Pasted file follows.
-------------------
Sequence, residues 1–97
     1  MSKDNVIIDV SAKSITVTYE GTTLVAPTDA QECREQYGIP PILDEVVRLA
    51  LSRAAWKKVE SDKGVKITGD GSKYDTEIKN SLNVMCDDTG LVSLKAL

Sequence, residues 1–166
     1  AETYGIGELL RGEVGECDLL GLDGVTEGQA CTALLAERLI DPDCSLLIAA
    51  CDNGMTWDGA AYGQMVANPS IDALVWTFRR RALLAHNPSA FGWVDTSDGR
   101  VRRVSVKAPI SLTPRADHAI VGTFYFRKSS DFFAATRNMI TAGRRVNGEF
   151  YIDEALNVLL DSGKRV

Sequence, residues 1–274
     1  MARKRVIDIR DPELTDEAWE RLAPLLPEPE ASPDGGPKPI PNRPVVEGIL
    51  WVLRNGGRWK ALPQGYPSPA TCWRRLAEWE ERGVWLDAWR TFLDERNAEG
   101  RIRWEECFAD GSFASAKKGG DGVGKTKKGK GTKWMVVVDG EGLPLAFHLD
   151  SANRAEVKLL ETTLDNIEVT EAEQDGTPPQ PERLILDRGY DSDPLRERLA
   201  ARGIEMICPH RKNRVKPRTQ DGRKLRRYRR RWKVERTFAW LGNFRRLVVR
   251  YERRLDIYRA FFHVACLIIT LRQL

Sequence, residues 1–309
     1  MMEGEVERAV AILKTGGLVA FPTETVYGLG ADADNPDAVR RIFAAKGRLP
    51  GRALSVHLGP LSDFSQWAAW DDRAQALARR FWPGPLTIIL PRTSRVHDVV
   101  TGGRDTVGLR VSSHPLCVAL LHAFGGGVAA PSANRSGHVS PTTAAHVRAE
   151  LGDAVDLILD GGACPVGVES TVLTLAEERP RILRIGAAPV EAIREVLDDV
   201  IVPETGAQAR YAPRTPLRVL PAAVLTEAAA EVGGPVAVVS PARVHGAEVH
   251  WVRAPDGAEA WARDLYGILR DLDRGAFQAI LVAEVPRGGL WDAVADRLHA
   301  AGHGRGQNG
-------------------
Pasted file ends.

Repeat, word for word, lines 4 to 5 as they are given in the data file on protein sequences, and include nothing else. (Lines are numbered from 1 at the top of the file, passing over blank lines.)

Sequence, residues 1–166
     1  AETYGIGELL RGEVGECDLL GLDGVTEGQA CTALLAERLI DPDCSLLIAA